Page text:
Tunnels don’t usually have heaters, lights, or power sources. Temperatures inside are regulated by rolling plastic sides up and down and opening and closing end walls. Plants are primarily grown in the ground under tunnel covers, which are applied or removed at various points during the growing season, depending on the desired fruiting period and raspberry type. Drip irrigation is a must as no rain falls within the confines of the tunnel.
Choose a tunnel that will give you enough room to plant, monitor, and harvest your berry crop from inside the structure. Better results are obtained with larger tunnels that are 30 ft wide and 15 ft tall (better ventilation and heat regulation). Multiple bays can be linked together to cover even larger areas
Tunnel frames usually consist of steel pipe or tubing driven into the ground (2 ft) at approximately 4 ft intervals for the length of the tunnel. The tunnel covering consists of a single layer of 6 ml polyethylene plastic; various types of plastics are available. Vertical side walls are constructed to roll up and down to protect plants from rain and wind, and to ventilate the tunnel.
End walls should open and close as well. Peak style tunnels will shed snow better during the winter than the more rounded Quonset style tunnels. Tunnels may be single bay or multi-bay.
Summer-fruiting raspberries may begin fruiting as early as May when overwintered under a tunnel. At the other extreme, fall-fruiting varieties may continue to fruit into November. To delay harvest of fall fruiting types, pinch the tips of primocanes when canes reach approximately 3 feet in height, then wait to cover the tunnel until late summer just as bloom begins. Floating row covers may be added over plants under tunnels for occasional nights when predicted temperatures are expected to dip below 220F to protect maturing fruit from damage. FRC also can be applied in early spring under the tunnel to accelerate emergence of primocanes.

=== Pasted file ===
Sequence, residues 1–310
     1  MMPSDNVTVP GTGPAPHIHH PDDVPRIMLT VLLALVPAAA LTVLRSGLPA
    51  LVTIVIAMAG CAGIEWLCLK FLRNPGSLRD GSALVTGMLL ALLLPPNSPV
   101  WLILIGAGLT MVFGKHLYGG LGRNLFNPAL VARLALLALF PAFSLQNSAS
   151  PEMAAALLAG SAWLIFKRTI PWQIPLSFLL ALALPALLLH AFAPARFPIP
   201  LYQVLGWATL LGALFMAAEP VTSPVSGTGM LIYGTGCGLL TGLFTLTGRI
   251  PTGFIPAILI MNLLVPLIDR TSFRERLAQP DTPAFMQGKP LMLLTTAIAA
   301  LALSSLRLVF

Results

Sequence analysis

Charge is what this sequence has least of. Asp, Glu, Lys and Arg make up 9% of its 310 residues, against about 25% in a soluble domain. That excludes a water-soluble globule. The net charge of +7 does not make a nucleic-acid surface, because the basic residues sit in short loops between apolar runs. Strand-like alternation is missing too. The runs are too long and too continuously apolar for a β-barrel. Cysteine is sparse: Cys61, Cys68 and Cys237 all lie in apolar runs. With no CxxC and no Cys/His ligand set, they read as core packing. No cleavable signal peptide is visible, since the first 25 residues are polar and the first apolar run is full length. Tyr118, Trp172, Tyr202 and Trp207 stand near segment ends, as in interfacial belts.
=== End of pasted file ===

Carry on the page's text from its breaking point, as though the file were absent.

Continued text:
Benefits of tunnel raspberry production include protection from rain, wind, and hail, reduced disease and pest pressure, larger fruit size, increased yields due to a longer harvest period, and better shelf life in refrigerated storage.
Suggested varieties for tunnel production include ‘Autumn Britten’, ‘Caroline’, ‘Heritage’, and ‘Josephine’ (my personal favorite!).
Tunnels vary in price depending on style, materials and size. A 30 x 96 ft tunnel with 4 rows of fall-bearing raspberries constructed in Ithaca, NY cost approximately $11,000 to purchase and install, including tunnel, land prep, and plants. Planting life is estimated to be 10 years. Initial investment for this tunnel is calculated to be recouped in year 3, along with a $4,300 profit. Gross revenue in subsequent years is estimated to be $8,100 excluding $2,500 in production and harvesting costs; projected yields are expected to be 2,700 half pints per season each year.
Cathy Heidenreich is Berry Extension Support Specialist for Western NY. She can be reached at 315-787-2367 or email@example.com. Marvin Pritts is professor and chair of the department of Horticulture at Cornell University College of Agriculture and Life Sciences. He may be reached at 607-255-1778 or firstname.lastname@example.org .
Resource Spotlight: Raspberry Resources